For holding the package together, an upper closure strip 62 is provided on the free long side 60 of the closure plate 50, which strip is formed from several incisions 63, see FIG. 1. Two lugs 64, formed by the incisions 63, engage behind an upper counterpart 66 (see FIG. 3 and FIG. 4) and thus prevent the closure plate 50 from springing upwards. The upper counterpart 66 is formed by three incisions 67 extending over three sides of a rectangle, as shown in FIG. 1. On folding the cover plate 30 onto the base plate 1, the upper counterpart 66 swings outwards, as FIG. 2 and FIG. 3 show. A lower closure strip 68 which engages at a lower counterpart 69 is formed corresponding to the upper closure strip 62.
The package shown with surgical suture material is preferably in an outer package which is not shown. After sterilisation, for example by irradiation, the package shown remains sterile, even when the outer package is then exposed to the non-sterile surroundings. During an operation, the outer package is torn open by operation personnel working in non-sterile conditions, without touching the package shown. The latter can then be removed from the outer package by personnel operating in sterile conditions. The surgeon now has direct access to the needle 22, and the thread 20 attached thereto, via the aperture 52 and can remove the needle/thread combination, as described, from the package.
In an alternative version of the package, the closure plate is divided into two. In the folded-together state of the package, the lower part of the closure plate lies on the cover plate, whilst the upper part conceals the needle. In order to remove the needle/thread combination, the upper part of the closure plate must be folded away from the base plate.
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|Citing Patent||Filing date||Publication date||Applicant||Title|
|US5692602 *||Jan 31, 1996||Dec 2, 1997||Ethicon, Inc.||Package for surgical suture provided with needle|
|US5871089 *||Aug 18, 1997||Feb 16, 1999||B. Braun Surgical Ag||Multithread package for surgical sewing material|
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|US8091321||Oct 2, 2009||Jan 10, 2012||Tyco Healthcare Group Lp||Method for packaging surgical sutures|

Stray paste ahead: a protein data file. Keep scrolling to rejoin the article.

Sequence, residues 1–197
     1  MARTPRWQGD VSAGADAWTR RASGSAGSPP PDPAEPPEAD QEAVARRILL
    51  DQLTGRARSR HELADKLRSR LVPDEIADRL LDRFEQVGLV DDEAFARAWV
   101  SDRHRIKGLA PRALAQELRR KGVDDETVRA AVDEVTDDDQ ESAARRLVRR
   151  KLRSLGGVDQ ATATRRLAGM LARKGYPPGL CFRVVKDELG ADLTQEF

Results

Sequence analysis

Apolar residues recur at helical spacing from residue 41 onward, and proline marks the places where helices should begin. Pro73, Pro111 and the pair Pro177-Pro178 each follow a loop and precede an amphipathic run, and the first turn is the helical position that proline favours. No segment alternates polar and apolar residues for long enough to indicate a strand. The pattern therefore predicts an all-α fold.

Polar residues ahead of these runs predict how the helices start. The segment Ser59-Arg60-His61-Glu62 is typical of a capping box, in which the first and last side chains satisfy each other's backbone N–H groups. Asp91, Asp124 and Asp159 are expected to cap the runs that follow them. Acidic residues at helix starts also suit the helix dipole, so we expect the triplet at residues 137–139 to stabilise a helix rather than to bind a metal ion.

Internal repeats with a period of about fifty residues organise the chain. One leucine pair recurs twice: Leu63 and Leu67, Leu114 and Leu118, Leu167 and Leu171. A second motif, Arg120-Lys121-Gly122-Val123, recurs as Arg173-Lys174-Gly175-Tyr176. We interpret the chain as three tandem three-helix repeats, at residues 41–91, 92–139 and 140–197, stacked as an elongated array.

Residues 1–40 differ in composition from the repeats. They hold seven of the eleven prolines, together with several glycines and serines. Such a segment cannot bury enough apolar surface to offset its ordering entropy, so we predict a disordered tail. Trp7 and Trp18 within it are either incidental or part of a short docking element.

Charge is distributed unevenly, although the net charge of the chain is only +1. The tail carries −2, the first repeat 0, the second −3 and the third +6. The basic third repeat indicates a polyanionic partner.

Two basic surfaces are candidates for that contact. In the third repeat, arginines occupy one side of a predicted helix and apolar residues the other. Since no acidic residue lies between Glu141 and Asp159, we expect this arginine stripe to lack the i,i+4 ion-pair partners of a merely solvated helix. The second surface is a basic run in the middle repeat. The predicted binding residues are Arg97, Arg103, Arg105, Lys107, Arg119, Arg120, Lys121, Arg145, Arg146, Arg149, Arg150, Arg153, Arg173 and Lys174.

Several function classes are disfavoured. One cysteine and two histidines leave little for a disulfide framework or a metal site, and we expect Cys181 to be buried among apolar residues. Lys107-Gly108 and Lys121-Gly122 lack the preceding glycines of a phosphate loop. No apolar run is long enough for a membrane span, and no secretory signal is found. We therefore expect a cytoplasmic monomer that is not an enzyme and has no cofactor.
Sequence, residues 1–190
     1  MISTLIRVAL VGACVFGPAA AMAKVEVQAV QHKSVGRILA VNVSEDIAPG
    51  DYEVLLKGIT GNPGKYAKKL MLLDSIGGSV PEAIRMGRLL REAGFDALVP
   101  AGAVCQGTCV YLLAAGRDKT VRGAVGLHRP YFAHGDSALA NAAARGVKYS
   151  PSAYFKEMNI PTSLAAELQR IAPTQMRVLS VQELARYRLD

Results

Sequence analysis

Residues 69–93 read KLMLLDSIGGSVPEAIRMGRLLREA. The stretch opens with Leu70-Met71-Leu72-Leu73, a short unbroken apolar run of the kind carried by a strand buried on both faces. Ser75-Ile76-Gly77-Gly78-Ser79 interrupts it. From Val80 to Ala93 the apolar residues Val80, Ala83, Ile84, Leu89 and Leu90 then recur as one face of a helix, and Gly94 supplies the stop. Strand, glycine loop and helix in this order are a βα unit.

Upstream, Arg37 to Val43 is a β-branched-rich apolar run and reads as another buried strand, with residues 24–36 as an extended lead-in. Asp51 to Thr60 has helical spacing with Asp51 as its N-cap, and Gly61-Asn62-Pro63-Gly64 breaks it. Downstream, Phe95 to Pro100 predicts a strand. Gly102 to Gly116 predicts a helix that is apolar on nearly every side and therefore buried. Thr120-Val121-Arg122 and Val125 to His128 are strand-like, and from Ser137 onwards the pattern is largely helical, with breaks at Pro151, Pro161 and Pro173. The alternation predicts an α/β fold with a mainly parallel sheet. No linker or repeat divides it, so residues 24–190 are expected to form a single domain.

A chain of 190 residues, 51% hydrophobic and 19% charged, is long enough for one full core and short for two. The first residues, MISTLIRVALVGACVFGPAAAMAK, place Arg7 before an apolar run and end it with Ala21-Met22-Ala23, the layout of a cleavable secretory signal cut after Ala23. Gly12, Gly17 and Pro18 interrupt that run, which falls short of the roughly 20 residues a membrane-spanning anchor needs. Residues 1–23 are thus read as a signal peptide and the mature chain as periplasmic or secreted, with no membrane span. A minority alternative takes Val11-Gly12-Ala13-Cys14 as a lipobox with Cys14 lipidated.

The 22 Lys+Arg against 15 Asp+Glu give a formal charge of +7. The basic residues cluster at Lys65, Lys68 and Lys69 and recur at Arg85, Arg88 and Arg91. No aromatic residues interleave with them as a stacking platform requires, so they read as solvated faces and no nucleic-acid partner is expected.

|US8112973 *||Jun 29, 2009||Feb 14, 2012||Ethicon, Inc.||Method of making a packaged antimicrobial suture|
|US8133437||Dec 13, 2005||Mar 13, 2012||Ethicon, Inc.||Method of preparing an antimicrobial packaged medical device|
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|US8960422||Mar 13, 2013||Feb 24, 2015||Ethicon, Inc.||Packaged antimicrobial medical device and method of preparing same|
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|US9474524||Jun 29, 2010||Oct 25, 2016||Ethicon, Inc.||Packaged antimicrobial medical device having improved shelf life and method of preparing same|
|US9538999 *||Mar 13, 2013||Jan 10, 2017||Medos International SÓrl||Suture storage devices, systems, and methods|
|US20060091034 *||Dec 13, 2005||May 4, 2006||Howard Scalzo||Method of preparing an antimicrobial packaged medical device|
|US20070227915 *||Apr 3, 2006||Oct 4, 2007||Stain Malinowski||Packaging for surgical sutures|
|US20090301033 *||Apr 2, 2009||Dec 10, 2009||Ethicon, Inc.||Method of preparing a packaged antimicrobial medical device|
|US20100044262 *||Oct 5, 2009||Feb 25, 2010||Tyco Healthcare Group Lp||Packaging For Surgical Sutures|
|US20100078336 *||Mar 31, 2009||Apr 1, 2010||Ethicon, Inc.||Packaged antimicrobial medical device and method of preparing same|
|US20100163435 *||Jun 29, 2009||Jul 1, 2010||Ethicon, Inc.||Packaged antimicrobial medical device having improved shelf life and method of preparing same|
|US20140277125 *||Mar 13, 2013||Sep 18, 2014||Depuy Mitek, Llc||Suture storage devices, systems, and methods|
|International Classification||A61B17/06, A61B17/04|
|Cooperative Classification||A61B2017/06147, A61B17/06138, A61B17/0482|
|Feb 2, 1995||AS||Assignment|
Owner name: ETHICON, INC., NEW JERSEY
Free format text: ASSIGNMENT OF ASSIGNORS INTEREST;ASSIGNOR:BRUNKEN, DIETER;REEL/FRAME:007394/0905
Effective date: 19950123
|Nov 19, 1999||FPAY||Fee payment|
Year of fee payment: 4
|Nov 24, 2003||FPAY||Fee payment|
Year of fee payment: 8
|Nov 26, 2007||FPAY||Fee payment|
Year of fee payment: 12